Andrew Cockburn’s ‘Kill Chain’ explores the dark underbelly of drone warfare.
By Erica Moody
Harper’s Magazine Washington editor Andrew Cockburn has penned a highly acclaimed page-turner on the history of drone warfare. We talked with the esteemed author about the real story behind robotic warfare, a subject explored in depth in “Kill Chain: The Rise of the High-Tech Assassins” (Henry Holt and Co., $28).
Washington Life: Why write this book now?
Andrew Cockburn: I wrote the book because there is so much misinformation about drones, what they represent and what they can do.
WL: Can you explain the research process? It must have been difficult finding information on programs and technologies that were seemingly, at least at one time, classified.
AC: I’ve been reporting and writing about national security and weapons security for many years, so I know a lot of people — people who trust me. I’m also familiar with the technology, and know when we’re being “snowed” by mendacious or inflated claims.
WL: What was your approach to digest mundane strategy-, technology- and policy-related research into a compelling narrative?
AC: There are so many great, if often horrifying, stories to illustrate the points I make. For example, I tell the full story of a drone attack, using the drone crew’s own radio chatter, to show how imprecise the technology is, as well as the (often bloodthirsty) attitude of the people who use it. The attack killed 23 civilians, including children.
WL: Would we be better off without drones? Is abandoning this technology possible?
AC: We would be better off without the current presumption that we can hit the right target, anytime, anywhere. Abandoning the technology is unlikely, given the amount of money involved.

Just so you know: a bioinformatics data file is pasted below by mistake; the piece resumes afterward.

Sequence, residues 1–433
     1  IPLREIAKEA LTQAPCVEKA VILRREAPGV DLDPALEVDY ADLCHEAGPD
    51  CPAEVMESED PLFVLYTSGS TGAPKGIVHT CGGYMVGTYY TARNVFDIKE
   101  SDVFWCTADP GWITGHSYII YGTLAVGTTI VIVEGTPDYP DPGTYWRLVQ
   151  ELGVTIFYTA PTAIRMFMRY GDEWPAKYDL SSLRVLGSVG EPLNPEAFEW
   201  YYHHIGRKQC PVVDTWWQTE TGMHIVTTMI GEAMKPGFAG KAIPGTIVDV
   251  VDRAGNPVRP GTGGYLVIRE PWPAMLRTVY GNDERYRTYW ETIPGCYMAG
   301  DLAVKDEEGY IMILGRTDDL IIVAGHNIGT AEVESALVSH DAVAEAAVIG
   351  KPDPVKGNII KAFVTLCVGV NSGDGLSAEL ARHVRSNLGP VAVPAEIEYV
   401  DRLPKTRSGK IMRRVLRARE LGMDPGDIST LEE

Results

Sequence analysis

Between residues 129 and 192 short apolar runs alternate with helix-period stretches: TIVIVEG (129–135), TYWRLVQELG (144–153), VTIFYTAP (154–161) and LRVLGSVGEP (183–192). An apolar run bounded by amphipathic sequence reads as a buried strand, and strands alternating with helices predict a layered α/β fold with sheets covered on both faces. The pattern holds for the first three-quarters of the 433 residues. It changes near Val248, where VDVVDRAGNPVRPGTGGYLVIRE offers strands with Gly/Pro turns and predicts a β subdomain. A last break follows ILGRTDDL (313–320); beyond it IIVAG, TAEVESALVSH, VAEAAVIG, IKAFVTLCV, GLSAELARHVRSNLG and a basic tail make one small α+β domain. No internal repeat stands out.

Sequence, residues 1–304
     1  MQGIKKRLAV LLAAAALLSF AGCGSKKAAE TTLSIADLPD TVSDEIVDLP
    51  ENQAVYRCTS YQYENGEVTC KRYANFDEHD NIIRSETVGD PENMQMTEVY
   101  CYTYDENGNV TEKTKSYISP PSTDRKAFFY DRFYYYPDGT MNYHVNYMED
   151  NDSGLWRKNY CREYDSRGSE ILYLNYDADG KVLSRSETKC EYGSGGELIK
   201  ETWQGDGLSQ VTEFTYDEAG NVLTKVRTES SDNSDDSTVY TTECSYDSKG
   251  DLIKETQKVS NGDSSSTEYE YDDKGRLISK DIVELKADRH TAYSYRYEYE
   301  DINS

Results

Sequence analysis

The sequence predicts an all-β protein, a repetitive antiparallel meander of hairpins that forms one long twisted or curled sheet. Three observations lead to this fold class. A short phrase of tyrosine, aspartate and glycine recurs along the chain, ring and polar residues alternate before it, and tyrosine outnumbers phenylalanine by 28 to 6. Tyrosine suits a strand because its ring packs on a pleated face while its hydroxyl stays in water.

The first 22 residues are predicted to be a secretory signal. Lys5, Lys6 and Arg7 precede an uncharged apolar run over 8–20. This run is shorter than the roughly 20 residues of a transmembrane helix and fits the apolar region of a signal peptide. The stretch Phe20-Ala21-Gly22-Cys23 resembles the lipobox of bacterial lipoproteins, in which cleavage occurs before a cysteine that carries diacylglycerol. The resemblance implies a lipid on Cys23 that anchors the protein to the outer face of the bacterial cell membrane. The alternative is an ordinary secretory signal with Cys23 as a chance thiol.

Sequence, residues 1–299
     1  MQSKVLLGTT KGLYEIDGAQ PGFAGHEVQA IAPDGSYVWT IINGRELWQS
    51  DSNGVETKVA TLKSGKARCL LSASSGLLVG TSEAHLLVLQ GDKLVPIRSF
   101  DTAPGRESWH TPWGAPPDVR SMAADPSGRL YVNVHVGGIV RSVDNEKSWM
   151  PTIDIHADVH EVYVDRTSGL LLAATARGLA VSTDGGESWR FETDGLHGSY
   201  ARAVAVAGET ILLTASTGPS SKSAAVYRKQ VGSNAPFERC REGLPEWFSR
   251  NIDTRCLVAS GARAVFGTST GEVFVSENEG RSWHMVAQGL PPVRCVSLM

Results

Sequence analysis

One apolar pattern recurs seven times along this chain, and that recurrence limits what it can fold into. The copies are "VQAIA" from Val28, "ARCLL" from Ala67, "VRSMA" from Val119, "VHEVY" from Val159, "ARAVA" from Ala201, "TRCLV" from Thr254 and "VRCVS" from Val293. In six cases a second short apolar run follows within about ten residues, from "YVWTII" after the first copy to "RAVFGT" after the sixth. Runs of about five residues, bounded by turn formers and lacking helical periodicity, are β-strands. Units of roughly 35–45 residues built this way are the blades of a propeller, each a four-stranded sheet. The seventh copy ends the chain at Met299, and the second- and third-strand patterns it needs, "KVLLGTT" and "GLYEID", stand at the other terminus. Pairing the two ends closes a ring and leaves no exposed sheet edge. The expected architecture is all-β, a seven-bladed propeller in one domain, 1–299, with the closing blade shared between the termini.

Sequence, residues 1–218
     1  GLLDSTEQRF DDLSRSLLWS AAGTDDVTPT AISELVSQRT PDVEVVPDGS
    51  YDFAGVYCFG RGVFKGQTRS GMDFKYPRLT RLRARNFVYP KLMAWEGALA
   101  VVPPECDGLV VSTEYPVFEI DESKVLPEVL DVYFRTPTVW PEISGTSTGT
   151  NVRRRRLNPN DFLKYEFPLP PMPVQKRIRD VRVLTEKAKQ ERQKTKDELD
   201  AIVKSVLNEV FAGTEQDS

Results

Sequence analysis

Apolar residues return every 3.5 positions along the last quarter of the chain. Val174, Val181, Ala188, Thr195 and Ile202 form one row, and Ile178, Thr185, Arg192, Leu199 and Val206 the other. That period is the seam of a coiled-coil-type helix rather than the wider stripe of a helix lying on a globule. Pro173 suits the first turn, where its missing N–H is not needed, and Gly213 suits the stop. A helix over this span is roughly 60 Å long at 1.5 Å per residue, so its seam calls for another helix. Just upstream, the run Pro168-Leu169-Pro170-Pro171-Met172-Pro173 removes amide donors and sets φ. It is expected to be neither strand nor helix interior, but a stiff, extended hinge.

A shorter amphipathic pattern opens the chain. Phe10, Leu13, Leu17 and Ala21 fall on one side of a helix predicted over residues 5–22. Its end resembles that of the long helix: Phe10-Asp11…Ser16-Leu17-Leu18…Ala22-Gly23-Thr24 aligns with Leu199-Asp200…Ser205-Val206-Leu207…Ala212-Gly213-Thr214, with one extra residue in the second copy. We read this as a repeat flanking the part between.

WL: Drone warfare to the layman may seem like a safe, precise and strategic way to engage enemies. How does your book clarify this misconception?
AC: I show how in actual operational conditions, drones do not see very well; I show that “high value targeting,” i.e. assassination, which is their principal lethal function, is entirely counterproductive, making our enemies stronger; I show how drones, with their ability to send video of a distant battlefield to a president’s desk, give our leaders a dangerous illusion of knowledge and control; I show how much of all this is a racket to line the pockets of contractors.
WL: The use of drones has seemed to keep American soldiers safe but has in turn resulted in a rise of civilian casualties. Some say if this wasn’t coming out of the U.S. it would be considered terrorism.
AC: Attacking targets without warning and with the inevitability of harming civilians definitely qualifies as terrorism and the outside world — especially victim countries — understand that very well.
WL: Is drone warfare championed more by the policymakers, military commanders or the contractors that supply the technology?
AC: They’re all in cahoots.
WL: What is the reaction to your book from the general public, policymakers, the military and large government contractors developing and manufacturing the technology?
AC: Combat soldiers, marines and airmen who understand the reality of current wars have been very appreciative. I’ve had deep interest from the public, who feel they’re not getting the full story and want to know more. Contractors? Varies from embarrassment to outrage.
WL: What is the future of warfare?
AC: It should have no future at all. It will get bloodier, for civilians at least, but in ways I cannot predict.
This interview appeared in the summer 2015 issue of Washington Life.